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Lessons fall from the cloud, changing data center strategies

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Look closely at IT automation trends before rushing in

It's easy to chase -- or hide from -- IT automation trends, without truly understanding what automation projects will benefit the data center and business the most.

Automation is the focus in many data centers, and the term has achieved the sort of buzz that cloud did a few years ago. Everyone is scrambling to adopt IT automation trends. In some cases, IT pros are unsure even what or why to automate, but that doesn't stop them from going full speed ahead.

IT personnel have a huge range of products designed to help them automate data center tasks, but taking that first step can be daunting. While there are plenty of resources available to help you get started, they won't answer the most basic question: Why are you looking to automate?

There are a dozen Automation benefits to explore, ranging from cost savings to speed of delivery. While accurate for some shops, many people see these potential advantages and don't stop to ask whether automation will actually help their IT environment. Your business is unique, and so is your data center. Your specific situation may or may not benefit from automation.

When not to automate

Like cloud computing, automation is one of the most important technologies to come along in years. Automation, however, is only worthwhile if it brings business value to your environment; otherwise it becomes a drain on your resources.

As you start to look at IT automation trends and tools, consider what it is you're doing in your data center. Will automation even help? If you look at your IT functions and processes and find very few repetitive tasks or duties, then automation products may not be worth the cost.

If you choose to adopt automation, it will certainly change your data center, its processes and, yes, even some job duties.

Not everyone needs automation. This is especially true if many of your data center's functions are customized. Since no one knows your data center and its processes as thoroughly as you do, evaluate what an IT automation tool can do and see if it makes business sense for your data center -- and not simply technological sense. Everything you do should have a business value. This value may come in the form of better security, more efficient resource consumption or quicker response times. Simply adopting technology because marque IT organizations are setting IT automation trends doesn't necessarily add business value.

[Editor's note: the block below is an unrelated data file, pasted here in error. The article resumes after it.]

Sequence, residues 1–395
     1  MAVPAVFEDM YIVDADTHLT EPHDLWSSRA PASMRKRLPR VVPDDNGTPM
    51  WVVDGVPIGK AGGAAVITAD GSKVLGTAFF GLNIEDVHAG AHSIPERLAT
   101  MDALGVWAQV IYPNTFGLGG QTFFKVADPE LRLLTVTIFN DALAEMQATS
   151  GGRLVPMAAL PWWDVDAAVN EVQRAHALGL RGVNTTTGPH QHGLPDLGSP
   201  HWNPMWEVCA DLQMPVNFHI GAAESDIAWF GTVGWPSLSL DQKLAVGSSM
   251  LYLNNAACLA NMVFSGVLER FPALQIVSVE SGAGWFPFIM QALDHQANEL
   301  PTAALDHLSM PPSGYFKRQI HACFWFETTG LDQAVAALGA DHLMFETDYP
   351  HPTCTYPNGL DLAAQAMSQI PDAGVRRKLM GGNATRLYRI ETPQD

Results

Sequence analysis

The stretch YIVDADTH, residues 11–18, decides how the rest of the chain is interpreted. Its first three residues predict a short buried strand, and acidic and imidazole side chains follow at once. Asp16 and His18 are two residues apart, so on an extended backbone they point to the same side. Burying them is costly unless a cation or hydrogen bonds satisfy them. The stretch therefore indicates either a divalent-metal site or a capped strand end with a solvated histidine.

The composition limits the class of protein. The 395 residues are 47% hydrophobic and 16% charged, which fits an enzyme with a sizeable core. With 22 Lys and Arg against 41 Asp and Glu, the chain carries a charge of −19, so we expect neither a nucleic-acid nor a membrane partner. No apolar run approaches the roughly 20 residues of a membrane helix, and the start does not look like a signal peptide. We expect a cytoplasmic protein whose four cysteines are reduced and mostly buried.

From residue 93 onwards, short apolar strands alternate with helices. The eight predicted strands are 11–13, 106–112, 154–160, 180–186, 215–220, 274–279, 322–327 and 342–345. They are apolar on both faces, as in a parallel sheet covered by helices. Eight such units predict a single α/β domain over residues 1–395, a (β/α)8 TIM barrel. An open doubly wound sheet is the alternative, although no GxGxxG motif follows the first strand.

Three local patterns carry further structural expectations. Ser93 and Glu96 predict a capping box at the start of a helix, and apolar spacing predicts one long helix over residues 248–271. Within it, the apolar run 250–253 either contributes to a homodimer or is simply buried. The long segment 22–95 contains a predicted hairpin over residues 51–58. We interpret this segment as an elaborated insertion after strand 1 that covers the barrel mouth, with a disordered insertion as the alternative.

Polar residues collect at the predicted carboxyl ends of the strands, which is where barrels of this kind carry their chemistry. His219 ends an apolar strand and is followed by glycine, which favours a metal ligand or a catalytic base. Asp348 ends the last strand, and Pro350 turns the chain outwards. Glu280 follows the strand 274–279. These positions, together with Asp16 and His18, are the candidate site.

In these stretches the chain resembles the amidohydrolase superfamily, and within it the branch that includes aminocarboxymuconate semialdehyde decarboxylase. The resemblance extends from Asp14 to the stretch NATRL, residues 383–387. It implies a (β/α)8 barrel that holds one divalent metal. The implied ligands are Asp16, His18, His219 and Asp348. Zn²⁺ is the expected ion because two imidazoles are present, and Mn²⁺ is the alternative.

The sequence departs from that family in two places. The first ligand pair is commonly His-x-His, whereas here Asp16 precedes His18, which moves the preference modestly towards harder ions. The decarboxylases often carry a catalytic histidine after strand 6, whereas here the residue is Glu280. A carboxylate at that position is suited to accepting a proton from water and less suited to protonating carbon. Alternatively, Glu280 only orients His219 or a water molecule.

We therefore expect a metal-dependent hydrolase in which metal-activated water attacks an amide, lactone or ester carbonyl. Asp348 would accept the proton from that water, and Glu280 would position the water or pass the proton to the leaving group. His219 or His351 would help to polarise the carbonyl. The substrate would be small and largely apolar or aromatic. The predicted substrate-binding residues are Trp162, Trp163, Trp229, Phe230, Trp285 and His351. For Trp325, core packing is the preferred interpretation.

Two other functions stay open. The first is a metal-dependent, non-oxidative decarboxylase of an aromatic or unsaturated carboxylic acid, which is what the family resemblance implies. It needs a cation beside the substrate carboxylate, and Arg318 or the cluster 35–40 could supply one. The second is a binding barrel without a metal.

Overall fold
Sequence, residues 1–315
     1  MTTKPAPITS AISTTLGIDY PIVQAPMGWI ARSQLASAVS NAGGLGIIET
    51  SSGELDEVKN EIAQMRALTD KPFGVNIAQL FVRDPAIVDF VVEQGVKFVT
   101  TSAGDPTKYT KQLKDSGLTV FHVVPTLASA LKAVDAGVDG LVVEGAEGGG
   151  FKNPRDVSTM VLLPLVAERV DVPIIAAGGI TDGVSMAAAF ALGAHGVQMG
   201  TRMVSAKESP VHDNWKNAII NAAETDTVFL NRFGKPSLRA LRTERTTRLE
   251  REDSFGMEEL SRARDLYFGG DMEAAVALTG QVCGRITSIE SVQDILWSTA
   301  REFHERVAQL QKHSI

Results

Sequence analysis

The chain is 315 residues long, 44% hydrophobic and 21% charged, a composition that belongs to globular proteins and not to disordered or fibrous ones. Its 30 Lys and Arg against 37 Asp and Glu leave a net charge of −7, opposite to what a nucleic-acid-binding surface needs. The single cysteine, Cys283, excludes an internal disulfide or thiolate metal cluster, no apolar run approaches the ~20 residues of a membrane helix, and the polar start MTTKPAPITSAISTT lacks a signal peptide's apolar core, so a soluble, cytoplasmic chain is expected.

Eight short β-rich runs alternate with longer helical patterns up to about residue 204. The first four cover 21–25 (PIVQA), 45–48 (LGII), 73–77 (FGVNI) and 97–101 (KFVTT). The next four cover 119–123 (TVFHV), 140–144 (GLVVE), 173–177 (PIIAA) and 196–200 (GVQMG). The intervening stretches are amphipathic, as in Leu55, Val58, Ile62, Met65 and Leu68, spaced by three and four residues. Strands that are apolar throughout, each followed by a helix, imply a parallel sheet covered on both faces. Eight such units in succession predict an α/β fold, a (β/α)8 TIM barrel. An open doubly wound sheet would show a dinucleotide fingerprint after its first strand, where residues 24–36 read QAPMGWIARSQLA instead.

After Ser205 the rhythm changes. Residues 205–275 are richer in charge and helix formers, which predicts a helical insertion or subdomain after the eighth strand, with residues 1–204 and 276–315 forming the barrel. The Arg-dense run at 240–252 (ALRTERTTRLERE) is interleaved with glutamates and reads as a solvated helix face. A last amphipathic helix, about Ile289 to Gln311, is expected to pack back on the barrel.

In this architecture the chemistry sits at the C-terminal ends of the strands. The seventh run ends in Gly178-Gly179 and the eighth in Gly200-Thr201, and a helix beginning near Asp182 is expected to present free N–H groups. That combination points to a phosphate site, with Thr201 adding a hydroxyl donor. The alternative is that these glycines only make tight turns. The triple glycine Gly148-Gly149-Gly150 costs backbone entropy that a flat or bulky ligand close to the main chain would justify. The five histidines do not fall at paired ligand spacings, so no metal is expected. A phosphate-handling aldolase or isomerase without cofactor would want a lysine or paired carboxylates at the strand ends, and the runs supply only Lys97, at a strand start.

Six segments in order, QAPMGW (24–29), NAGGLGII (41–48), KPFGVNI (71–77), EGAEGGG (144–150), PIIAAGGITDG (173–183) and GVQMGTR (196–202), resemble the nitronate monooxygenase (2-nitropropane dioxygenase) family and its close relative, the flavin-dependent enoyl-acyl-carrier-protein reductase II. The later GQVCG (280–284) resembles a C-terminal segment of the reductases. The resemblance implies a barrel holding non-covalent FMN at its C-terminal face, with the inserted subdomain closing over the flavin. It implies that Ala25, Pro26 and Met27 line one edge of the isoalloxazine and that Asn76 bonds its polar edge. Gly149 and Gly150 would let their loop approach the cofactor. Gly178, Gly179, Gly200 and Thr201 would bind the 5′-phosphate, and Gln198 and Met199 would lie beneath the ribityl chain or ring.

Automation is a powerful tool, but it's still just a tool. It has the power to vastly improve your data center operations, but it's important to establish a good foundation before rolling it out widely. It can be a bit hard for IT folks to start small, but this approach can pay off in big ways.

Introducing IT automation

Among IT admins, automation can be a scary topic for various reasons, including the fear of automating yourself out of a job or of automation running amok. In reality, these fears are often overblown. If you choose to adopt automation, it will certainly change your data center, its processes and, yes, even some job duties. But IT pros don't have to be afraid of automation if they do it right. Starting small and gaining ownership is a huge piece of a much larger puzzle.

Of course, it is possible to push automation from the top down, but it will be more beneficial to start at the bottom and let it grow. Not only does this help minimize the damage if something goes wrong, it allows you to engage the people whose tasks automation might claim, such as patching, software maintenance and deployment, and let them champion these new processes. This helps free up staff for more important tasks and establishes a base of people familiar with the newly arrived IT automation tools.

The challenge with IT automation trends, just like any other idea that has the ability to make substantial changes in your data center, is knowing how and where to get started. While management may want to see large-scale improvements from an expensive automation tool, it can be better to start small. This is good for both the overall health of your business and the IT staff. While patching and maintenance items -- such as account resets, reboots and file system clean-up -- may seem minor, they help introduce staff to the process and set expectations. This will help establish a path to more involved automation projects, where the stakes are higher and which come with significant payoffs.

Each successful automation deployment will continue to expose more staff to the advantages of automation and build on previous success. When this happens, automation will no longer be something to add or install into your data center; it will be the foundation upon which you build.

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